int read_table(int i, char *name, int *n_of_pars, int *varying);
    while(read_table(i++, name, &n_pars, &varying)
        printf("%s %d",name,n_pars);
    read_table() copies the name, the number of parameters and the non-determinism bit of function #i onto name[], *n_of_pars and *varying. If function #i does not exist, read_table() returns 0. Otherwise, it returns a positive number.

    int where_table(char *name);
    if(where_table("sinh") == -1)
     printf("Hyperbolic sine not defined.");
    If there is a mathematical function called name[], where_table() returns its index in the table of functions. Otherwise where_table() returns -1. Use fnew to register functions which are not in Formulc's standard library.

    int fdel(char *name);
    if(where_table("sinh" != -1)
    If there is a mathematical function called name[], fdel() deletes it. If fdel() is successful, it returns a non-negative number. Otherwise, it returns -1.
  3. Random-Number Generation The standard library of Formulc includes double rnd(void). Any program that generates random numbers through Formulc must call
    void rnd_init(void);
    first. By default, Formulc uses the random-number generator r250() (written by W. L. Maier, S. Kirkpatrick and E. Stoll). If you want to use another RNG, you must define functions according to the declarations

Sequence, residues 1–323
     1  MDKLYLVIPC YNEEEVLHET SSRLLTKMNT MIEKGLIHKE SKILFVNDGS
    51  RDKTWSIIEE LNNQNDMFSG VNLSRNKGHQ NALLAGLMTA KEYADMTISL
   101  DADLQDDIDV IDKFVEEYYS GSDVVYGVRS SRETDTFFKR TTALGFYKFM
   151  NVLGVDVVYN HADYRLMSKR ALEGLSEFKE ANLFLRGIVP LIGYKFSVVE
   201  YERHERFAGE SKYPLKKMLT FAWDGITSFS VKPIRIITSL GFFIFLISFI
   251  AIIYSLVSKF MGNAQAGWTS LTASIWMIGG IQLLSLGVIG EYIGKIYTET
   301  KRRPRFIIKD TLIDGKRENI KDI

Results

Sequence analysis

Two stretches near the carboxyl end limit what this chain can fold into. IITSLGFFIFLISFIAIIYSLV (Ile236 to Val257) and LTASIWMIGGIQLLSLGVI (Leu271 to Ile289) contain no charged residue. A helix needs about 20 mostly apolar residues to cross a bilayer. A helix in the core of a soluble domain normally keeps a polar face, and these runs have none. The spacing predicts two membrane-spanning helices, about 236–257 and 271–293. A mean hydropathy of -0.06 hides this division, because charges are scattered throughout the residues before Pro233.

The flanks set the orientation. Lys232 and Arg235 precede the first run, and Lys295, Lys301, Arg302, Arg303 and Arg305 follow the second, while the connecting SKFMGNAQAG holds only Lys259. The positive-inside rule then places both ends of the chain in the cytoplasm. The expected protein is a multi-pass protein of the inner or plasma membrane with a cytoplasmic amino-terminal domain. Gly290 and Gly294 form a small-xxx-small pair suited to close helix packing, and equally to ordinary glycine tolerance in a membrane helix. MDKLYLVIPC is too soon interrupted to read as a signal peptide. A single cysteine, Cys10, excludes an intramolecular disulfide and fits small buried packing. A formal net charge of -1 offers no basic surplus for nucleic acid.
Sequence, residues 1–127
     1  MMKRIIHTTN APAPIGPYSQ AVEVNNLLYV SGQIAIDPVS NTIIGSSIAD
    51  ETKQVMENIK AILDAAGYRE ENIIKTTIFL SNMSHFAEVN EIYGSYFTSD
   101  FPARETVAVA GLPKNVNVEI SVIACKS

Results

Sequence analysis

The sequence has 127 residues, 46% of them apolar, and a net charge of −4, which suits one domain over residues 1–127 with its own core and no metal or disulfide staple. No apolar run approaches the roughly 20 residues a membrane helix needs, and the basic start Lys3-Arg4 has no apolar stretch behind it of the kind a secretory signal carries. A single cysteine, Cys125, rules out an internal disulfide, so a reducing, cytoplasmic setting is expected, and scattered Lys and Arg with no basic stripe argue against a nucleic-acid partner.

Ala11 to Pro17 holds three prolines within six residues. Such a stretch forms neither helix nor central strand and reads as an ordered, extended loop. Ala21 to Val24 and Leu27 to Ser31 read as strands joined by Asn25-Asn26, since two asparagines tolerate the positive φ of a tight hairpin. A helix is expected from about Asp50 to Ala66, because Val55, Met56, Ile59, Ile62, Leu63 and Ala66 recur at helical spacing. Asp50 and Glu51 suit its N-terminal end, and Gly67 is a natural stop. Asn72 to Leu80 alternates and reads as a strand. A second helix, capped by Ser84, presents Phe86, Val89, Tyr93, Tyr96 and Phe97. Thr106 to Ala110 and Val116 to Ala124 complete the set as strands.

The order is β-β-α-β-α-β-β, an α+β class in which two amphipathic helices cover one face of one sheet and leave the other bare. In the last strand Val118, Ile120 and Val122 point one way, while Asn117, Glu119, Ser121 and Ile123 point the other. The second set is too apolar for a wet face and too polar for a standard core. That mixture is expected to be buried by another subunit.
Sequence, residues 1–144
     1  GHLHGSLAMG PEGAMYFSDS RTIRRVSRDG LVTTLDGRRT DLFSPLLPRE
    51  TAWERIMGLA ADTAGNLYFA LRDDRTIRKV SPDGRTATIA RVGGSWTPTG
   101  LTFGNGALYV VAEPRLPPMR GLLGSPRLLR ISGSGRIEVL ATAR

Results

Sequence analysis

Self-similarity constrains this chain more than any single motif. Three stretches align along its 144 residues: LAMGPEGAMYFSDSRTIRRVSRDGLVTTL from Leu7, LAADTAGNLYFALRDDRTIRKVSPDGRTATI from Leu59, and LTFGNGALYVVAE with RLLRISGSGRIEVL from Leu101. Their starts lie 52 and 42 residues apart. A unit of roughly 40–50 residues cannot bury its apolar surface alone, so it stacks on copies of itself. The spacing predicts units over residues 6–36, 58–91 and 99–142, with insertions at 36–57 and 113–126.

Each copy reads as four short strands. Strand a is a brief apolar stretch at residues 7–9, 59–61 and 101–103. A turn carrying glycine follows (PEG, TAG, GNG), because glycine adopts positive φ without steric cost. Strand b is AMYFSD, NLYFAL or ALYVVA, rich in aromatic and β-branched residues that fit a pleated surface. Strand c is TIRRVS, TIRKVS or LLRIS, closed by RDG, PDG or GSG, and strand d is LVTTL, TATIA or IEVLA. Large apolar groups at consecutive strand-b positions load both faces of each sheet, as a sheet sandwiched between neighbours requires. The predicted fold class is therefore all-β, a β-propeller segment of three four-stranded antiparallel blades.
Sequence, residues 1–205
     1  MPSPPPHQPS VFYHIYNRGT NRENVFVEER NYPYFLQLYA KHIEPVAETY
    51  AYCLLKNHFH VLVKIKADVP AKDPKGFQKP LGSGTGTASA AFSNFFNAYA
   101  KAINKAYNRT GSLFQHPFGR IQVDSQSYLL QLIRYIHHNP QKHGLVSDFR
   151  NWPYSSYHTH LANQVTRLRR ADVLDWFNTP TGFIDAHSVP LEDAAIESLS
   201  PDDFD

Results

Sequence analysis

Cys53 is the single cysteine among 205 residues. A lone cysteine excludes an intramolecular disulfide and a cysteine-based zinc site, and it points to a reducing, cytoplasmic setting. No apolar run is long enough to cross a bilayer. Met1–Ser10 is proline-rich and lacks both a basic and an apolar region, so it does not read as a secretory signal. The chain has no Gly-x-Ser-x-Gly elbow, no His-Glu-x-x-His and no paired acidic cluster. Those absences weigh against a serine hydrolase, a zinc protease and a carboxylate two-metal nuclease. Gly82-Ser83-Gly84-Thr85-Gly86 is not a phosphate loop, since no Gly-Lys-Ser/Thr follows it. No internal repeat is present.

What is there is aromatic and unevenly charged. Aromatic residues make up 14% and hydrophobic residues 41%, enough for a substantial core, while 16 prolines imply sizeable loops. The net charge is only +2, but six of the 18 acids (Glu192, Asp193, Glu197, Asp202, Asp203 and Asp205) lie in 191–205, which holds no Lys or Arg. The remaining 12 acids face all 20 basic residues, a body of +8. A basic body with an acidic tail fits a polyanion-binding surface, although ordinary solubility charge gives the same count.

double rnd(void);
    void rnd_init(void);
    Furthermore, you must compile formulc with
    make myrnd
    as stated at the beginning of this section.
  4. Miscellaneous
    void destrf(formu f);
    frees memory occupied by f.
    void make_empty(formu f);
    makes f an empty function. Note that this function should not to be used as a destructor, as it does not deallocate any memory. You should use destrf() for this purpose.
    int fnot_empty(formu f);
    returns 1 if f is not an empty function; returns 0 otherwise.
    const char *fget_error(void);
    Every routine in Formulc gives an error message if it fails and erases the previous error message from memory if it succeeds. fget_error() renders an error string if the last routine failed; otherwise, it returns NULL. The only routine that does not alter the error message is fget_error() itself. Usually, error messages are self-explanatory. If you ever see an error message that begins with I1, I2 or I3, please send tell me ( You should never see such a thing.